Direct Current Electrical Measurements

DC electrical measurements were carried out by a conventional method with the sample in a subsidiary vacuum system at a pressure of the order of 1.33 x [10.sup.-4] Pa to avoid any ambient effect. DC voltage (0.1-40 V) was supplied step by step by a stabilized power supply (Agilent 6545A, Agilent Technologies, Malaysia), and the current was measured by a high impedance Keithley electrometer 614 (Keithley Instruments) at different temperatures 298, 323, 348, 373, 398, and 423 K. For DC electrical measurements, A1/PPDEAEMA/A1 sandwiched structure samples of thickness 100, 200, 250, and 300 nm were prepared. The A1 electrodes were deposited using a metal coating unit (Edwards 306, England, UK) at a pressure of about 1.33 x [10.sup.-3] Pa. The lower and upper A1 electrodes were square in shape with an effective cross-sectional thin Film area of [10.sup.-4] [m.sup.2], and the area of the films was 0.015 x 0.015 [m.sup.2]. Silver paste was used to make good electrical and thermal contacts. A chromel-alumel thermocouple was placed very close to the sample and was connected to a digital microvoltmeter (Keithley 197A, Keithley Instruments), in order to measure the sample temperature accurately. A low-frequency impedance analyzer (Model: 4192A, Agilent Technologies Japan, Tokyo, Japan) was used to measure the capacitance of the PPDEAEMA thin films.

RESULTS AND DISCUSSION

Current Density-Voltage Characteristics

The mechanism of conduction in an organic device depends on the traps present in the polymer and the metal-polymer interface. Electrons/holes may also be transported by field-assisted thermal excitation over the lower Coulombic potential barrier [32], The whole J-V characteristics of a polymer are determined by the carrier mobility [mu], the free carrier density [n.sub.o], and the trap density [N.sub.t]. The conduction behavior was studied on the basis of the J-V characteristics of A1/PPDEAEMA/A1 structure of 100, 200, 250, and 300 nm thicknesses recorded at the temperatures of 298, 323, 348, 373, 398, and 423 K within the voltage region from 0.1 to 40 V. The variations of current density with applied voltage at room temperature for different thicknesses are exhibited in Fig. 4.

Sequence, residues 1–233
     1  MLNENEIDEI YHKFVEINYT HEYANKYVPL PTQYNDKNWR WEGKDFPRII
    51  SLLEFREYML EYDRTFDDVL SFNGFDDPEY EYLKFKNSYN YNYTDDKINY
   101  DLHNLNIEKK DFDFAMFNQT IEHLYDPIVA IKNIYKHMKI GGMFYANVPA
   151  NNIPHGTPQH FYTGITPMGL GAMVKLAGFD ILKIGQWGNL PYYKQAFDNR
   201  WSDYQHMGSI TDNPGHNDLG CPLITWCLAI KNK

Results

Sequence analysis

The representative J-V characteristic curves of a PPDEAEMA thin film of thickness 300 nm at different temperatures are given in Fig. 5. The J-V characteristics presented in Fig. 5 can be expressed as a power law of the form J [varies] [V.sup.n] with two different slopes where n is a power index. The values of slopes are calculated for all the four thicknesses (100, 200, 250, and 300nm) and for all the temperatures (298-423 K) and found 0.9-1.1 in the lower applied voltage region and 2.2-5.2 in the higher voltage region. These observations indicate that the current conduction is ohmic in the low voltage region and is nonohmic in the high-voltage region. The reason behind the nonlinear current-voltage characteristics is the SCLC [33], which is influenced by traps. The defects and impurities can govern the conduction mechanism and also work as trapping centers which get occupied by the injected charge carriers from the (J-V) electrode, hence they become charged and thereby expected to build up a space charge. This buildup of space charge plays the key role in the determination of the SCLC process [34].